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Posts Tagged ‘ggplot2’

Using R and ggplot2 to create a timeline visualization of UK government politics

creating an abstract timeline chart with R and ggplot

This was an attempt to visualise the ebb and flow of various political parties in the UK, over time.

The data was made available on the Guardian DataBlog, so I thought I’d have a go at producing a timeline image, using vertical strips of colour to show which party was in power in each year.

I’m not an expert in R, so there may well be a better way of doing this!

The steps taken were:-

  • download the OpenOffice spreadsheet from the Google Spreadsheet linked to on the Guardian DataBlog.
  • remove footer rows (copyright notices at the foot of the spreadsheet).
  • tidy up headers in row 1 – simplify these to single words like “Party”
  • save as a CSV, using the pipe (|) character as a delimiter. I put this in c:\infoviz\data.csv

First of all, we need to load the CSV file into a data frame

inp <- read.table("c:\\infoviz\\data.csv",header=T, sep="|")

This works fine, but the column ‘Party’ contains names like “Conservative”, “Labour” and “Liberal”.

How to convert this into something a bit more abstract, like a colour? The answer was to define a palette of colours…

palette <- c("blue", "red", "orange1", "rosybrown", "orange3", "red4", "blue4", "grey") 

.. and use a function to change a party name to a colour mentioned in that array…

getcol <- function(party) { 
	if ( party=="Conservative" | party=="Tory" )
         r<-1
     	else if ( party=="Labour" ) 
         r<-2
     	else if ( party=="Liberal" ) 
         r<-3
     	else if ( party=="Whig" ) 
         r<-4
	else if (party=="National Labour National Government") 
	   r<-6
	else if (party=="Conservative National Government")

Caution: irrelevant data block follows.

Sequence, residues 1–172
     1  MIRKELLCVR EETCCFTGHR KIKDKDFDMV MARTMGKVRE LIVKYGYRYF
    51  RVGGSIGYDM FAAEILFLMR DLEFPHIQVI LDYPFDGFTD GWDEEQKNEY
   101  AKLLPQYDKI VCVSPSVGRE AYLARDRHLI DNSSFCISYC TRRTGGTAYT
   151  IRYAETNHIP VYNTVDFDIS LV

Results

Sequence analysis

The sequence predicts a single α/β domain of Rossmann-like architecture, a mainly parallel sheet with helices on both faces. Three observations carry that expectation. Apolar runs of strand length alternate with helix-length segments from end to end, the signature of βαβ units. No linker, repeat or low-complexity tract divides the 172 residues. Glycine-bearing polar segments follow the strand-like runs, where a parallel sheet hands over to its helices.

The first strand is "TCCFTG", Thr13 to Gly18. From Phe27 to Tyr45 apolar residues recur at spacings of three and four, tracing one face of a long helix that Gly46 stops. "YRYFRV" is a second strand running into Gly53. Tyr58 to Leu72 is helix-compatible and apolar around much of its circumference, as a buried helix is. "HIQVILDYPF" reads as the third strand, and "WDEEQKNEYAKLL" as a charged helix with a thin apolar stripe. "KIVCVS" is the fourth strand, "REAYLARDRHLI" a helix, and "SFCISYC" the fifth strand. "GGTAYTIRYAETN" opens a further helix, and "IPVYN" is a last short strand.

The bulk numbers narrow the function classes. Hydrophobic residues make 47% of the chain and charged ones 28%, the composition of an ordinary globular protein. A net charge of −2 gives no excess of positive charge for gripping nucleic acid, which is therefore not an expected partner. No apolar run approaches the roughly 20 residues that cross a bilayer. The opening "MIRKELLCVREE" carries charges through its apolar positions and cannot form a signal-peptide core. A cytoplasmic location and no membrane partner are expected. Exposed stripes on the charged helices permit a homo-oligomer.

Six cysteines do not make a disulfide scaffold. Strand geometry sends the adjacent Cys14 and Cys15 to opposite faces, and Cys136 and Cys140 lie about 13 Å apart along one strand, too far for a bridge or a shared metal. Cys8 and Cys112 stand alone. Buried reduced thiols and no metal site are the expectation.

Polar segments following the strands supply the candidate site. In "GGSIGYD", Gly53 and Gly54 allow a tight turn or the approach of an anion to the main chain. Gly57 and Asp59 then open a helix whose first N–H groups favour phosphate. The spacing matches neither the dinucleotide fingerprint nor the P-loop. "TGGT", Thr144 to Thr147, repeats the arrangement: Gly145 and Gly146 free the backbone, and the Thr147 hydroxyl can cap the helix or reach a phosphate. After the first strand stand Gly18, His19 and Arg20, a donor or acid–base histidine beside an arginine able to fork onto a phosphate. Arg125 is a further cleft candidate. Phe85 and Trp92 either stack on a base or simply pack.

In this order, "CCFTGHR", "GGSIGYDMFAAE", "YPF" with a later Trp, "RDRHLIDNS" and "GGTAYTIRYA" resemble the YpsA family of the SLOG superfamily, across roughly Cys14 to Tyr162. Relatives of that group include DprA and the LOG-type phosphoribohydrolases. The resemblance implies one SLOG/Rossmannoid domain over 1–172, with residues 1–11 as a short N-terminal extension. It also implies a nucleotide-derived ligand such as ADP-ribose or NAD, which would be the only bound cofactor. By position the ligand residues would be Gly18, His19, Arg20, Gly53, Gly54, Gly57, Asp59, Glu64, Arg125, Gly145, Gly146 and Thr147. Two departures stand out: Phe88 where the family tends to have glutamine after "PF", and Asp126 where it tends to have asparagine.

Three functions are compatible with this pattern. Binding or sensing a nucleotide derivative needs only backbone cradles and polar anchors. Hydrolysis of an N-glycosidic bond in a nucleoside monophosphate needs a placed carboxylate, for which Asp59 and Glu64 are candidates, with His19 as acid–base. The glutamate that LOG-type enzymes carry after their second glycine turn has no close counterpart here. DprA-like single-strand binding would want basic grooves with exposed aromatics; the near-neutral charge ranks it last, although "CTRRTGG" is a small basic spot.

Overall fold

r<-7
     	else 
         r<-8
	return(palette[r])
}

Now, we can use the sapply function to map the values in the “party” column of the data frame into a colour..

inp$PartyCol <- sapply(inp$Party,getcol)

Now, the data frame has a column called ‘PartyCol’ which maps “Conservative” to “blue”, “Labour” to “red” and so on.

So now, ggplot…

qplot(factor(Year), title="history", data=inp, geom="bar", fill=factor(PartyCol), color=factor(PartyCol)) +scale_fill_identity(name=inp$PartyCol) +scale_colour_identity(name=inp$YearCol)

This shows a whole lot of labels and grids that I didn’t want…,

…so I added these options to give a clear, blank theme…

+ opts(panel.background = theme_rect(size = 1, colour = "lightgray"),panel.grid.major = theme_blank(),panel.grid.minor = theme_blank(),axis.line = theme_blank(),axis.text.x = theme_blank(),axis.text.y = theme_blank(),axis.title.x = theme_blank(),axis.title.y = theme_blank(), axis.ticks = theme_blank(),strip.background = theme_blank(),strip.text.y = theme_blank())

Here’s the whole source, if you’re brave enough to want to try this yourself!

library(ggplot2)
library(rgb)
palette <- c("blue", "red", "orange1", "rosybrown", "orange3", "red4", "blue4", "grey") 
getcol <- function(party) { 
	if ( party=="Conservative" | party=="Tory" )
         r<-1
     	else if ( party=="Labour" ) 
         r<-2
     	else if ( party=="Liberal" ) 
         r<-3
     	else if ( party=="Whig" ) 
         r<-4
	else if (party=="National Labour National Government") 
	   r<-6
	else if (party=="Conservative National Government") 
	   r<-7
     	else 
         r<-8
	return(palette[r])
}
inp <- read.table("c:\\infoviz\\data.csv",header=T, sep="|")
inp$PartyCol <- sapply(inp$Party,getcol)
qplot(factor(Year), title="history", data=inp, geom="bar", fill=factor(PartyCol), color=factor(PartyCol)) +scale_fill_identity(name=inp$PartyCol) +scale_colour_identity(name=inp$YearCol) + opts(panel.background = theme_rect(size = 1, colour = "lightgray"),panel.grid.major = theme_blank(),panel.grid.minor = theme_blank(),axis.line = theme_blank(),axis.text.x = theme_blank(),axis.text.y = theme_blank(),axis.title.x = theme_blank(),axis.title.y = theme_blank(), axis.ticks = theme_blank(),strip.background = theme_blank(),strip.text.y = theme_blank())

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